If you’re already thinking about your summer associate position for next summer, you’re in good company. Big firms hire summer associates all the time, but finding an associate position at a small firm has its perks, too.
It’s a constant debate among law students, and there are merits to both. Let’s take a closer look at the debate and the benefits—and pitfalls—of big law firms and small ones. Whatever choice you make will be the right one for you.
Big Law Firms
If you’re drawn to all things larger than life, and want a competitive edge in the job market, apply for a summer associate position at a big law firm. Why? They’ll give you a clear sense of the political hierarchy of the legal world, an opportunity for supreme networking, and the chance to work with some of the best in the business.
One of the most important things about finding a place to work after you graduate is office politics—do you fit in a law firm’s scheme or not?
Being a summer associate at a large law firm affords you the opportunity to figure out if big law firm politics suit you. Don’t be quick to judge though—all firms have a different feel.
See what it’s really like. If it’s hustle and bustle you want, a big law firm may not be a great choice, surprisingly. Why? You’re tucked in your office, reading and writing briefs. All day. Maybe you talk to your boss.
Or maybe your big firm has a big case—see what it feels like, and whether you like it. How often do you interact with your coworkers? Your boss?
You should have a clear sense of office politics by the end—and a better idea of what you want and don’t want in a law firm.
Top up your resume with an outstanding summer apprenticeship experience—and show off that network. You should also plan on getting a recommendation from the firm.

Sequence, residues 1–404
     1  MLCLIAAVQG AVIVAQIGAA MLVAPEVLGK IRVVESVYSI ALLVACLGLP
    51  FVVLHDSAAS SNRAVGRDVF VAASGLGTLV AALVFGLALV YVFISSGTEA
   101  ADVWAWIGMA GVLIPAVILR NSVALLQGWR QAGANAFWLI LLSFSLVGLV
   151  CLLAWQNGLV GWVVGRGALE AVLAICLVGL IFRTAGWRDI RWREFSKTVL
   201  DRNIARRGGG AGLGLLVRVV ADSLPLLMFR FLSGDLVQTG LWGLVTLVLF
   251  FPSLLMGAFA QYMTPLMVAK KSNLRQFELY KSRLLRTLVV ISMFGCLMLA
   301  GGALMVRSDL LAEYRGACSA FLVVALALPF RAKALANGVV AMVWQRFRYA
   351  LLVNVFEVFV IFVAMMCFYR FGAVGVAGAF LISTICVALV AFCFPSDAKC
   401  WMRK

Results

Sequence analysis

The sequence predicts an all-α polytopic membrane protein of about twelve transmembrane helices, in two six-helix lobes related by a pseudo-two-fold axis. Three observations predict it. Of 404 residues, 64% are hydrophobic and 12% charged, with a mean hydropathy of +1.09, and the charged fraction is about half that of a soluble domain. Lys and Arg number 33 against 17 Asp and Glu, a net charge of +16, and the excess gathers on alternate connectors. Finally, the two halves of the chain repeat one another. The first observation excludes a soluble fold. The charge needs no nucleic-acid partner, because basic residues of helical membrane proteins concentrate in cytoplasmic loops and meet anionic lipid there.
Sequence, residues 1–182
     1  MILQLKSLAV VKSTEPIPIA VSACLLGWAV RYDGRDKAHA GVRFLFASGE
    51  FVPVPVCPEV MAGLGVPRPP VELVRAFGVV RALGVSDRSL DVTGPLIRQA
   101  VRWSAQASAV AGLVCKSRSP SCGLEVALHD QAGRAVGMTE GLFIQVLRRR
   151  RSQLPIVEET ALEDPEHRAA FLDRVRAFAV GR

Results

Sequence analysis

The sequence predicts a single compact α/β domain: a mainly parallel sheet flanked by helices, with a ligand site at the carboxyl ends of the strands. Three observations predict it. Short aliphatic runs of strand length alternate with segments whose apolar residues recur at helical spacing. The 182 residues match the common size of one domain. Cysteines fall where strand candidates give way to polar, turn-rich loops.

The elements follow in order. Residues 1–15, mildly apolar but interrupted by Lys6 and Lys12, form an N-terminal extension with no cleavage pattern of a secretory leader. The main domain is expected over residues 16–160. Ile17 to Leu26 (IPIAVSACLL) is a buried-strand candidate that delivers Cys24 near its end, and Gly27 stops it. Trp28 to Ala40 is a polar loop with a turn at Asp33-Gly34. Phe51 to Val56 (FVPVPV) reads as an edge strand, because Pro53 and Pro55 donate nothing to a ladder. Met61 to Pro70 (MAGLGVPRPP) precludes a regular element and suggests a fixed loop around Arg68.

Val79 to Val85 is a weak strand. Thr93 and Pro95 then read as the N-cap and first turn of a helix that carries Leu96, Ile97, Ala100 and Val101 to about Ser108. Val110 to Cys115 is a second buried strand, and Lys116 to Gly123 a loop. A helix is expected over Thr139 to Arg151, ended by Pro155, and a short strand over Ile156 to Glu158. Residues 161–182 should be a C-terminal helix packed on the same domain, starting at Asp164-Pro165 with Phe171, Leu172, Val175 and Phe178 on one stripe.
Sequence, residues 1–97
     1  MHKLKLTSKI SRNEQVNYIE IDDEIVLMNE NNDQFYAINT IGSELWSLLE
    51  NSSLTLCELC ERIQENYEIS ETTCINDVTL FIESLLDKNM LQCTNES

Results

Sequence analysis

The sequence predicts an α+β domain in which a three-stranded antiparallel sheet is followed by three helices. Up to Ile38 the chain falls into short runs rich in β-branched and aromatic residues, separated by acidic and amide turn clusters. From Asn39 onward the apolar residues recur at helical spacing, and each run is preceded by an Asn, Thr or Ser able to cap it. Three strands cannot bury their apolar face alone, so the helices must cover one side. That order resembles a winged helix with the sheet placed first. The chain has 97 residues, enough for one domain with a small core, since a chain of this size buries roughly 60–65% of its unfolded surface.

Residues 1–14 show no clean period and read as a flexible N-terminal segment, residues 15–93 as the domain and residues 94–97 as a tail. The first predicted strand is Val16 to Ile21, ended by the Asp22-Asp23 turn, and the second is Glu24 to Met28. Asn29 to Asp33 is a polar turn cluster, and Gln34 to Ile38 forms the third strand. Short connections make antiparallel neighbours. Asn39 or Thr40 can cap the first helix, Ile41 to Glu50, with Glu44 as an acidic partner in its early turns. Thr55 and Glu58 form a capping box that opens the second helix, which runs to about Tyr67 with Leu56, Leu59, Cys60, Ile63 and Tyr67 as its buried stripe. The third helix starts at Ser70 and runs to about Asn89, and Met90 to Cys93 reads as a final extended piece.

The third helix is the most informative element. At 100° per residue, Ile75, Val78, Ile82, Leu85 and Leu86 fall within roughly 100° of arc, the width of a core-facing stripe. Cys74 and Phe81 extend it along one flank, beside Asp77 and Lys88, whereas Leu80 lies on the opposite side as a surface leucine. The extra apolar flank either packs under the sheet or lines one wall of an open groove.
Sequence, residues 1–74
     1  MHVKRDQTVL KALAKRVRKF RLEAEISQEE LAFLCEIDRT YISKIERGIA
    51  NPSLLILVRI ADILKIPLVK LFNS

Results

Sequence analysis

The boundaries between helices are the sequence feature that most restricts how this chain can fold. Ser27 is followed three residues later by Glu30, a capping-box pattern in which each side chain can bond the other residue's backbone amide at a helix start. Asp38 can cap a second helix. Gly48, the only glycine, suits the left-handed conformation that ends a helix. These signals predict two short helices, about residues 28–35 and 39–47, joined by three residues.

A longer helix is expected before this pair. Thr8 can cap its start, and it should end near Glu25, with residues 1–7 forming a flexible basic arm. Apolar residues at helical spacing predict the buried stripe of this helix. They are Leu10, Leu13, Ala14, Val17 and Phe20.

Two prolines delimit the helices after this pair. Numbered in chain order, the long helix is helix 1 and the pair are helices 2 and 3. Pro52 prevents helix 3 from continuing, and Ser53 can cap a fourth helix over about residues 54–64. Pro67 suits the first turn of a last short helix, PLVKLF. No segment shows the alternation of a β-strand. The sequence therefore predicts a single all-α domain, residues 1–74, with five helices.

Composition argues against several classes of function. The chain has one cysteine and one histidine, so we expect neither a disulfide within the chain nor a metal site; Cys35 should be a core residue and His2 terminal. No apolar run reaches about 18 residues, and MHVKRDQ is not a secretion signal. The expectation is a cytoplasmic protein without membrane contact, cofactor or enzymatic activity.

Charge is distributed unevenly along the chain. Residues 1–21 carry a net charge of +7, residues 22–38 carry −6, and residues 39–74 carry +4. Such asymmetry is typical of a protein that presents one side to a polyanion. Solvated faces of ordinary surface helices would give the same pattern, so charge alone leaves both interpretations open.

Bigger law firms have fantastic networking opportunities—you will meet people who can shape your job trajectory, if you want. All you have to do is put yourself out there.
3. Cream of the Crop
The big law firms still out there are among some of the best in the world. Why?
After the recession, many larger firms were forced either to downsize or shut down. The ones remaining have proven grit in the legal world.
They have international clients and connections, offices around the world and around the country, and manpower.
The largest firms also represent some of the largest and wealthiest entities—they have to be good.
Small and Solo Law Firms
If the panache of a larger-than-life firm isn’t your thing, there are benefits to working in a smaller firm, or even a solo one. From flexibility to internship possibilities, a small or solo firm may be just the ticket.
1. Flexible Schedule and Varied Projects
In a smaller firm, you’ll have the chance to tackle legal problems from across a broad spectrum. What does this mean for you? The opportunity to try your hand at projects that you wouldn’t ordinarily be drawn to.
Another perk? Small law firms offer flexible scheduling. You work when you need to (or are told to), and you get to wear lots of hats—and see legal issues from a variety of perspectives.
2. Internship Possibilities
Face it: smaller firms are more likely to take you on as an intern. Consider applying to some smaller firms with which you can establish a connection. Maybe a partner went to your law school, or you can ask a professor or advisor for a recommendation.
Competition isn’t as tight for smaller firms as it is for larger ones—and you may have just as rigorous and challenging experience. Know where to look and you’ll find a great internship position just waiting for you.
3. Good for the Solo Practitioner
If you’re contemplating heading out on your own, working as a summer associate as a small or solo firm is desirable.
Solos especially can offer substantial experience across a variety of issues and topics—to which you would have a front-row seat, and a chance to work directly on the case.
If you want to specialize in a “boutique” specialty of law, consider a smaller firm, or a solo firm that can offer you the chance of a lifetime.
Intrigued? Confused? Weigh your options. Don’t be afraid to ask questions—and make the decision the will work best for you.
A new study shows the subtler, nuanced edge of gender discrimination: asking for favors. The study found that female professors receive more requests ...
A recent court ruling in the North Gauteng High Court in Pretoria is being celebrated as a victory for advocates of mother tongue education in rural a...
Forty percent of all EU leaders share one common trait—the degree they earned. Let’s take a closer look at what it is and how it will serv...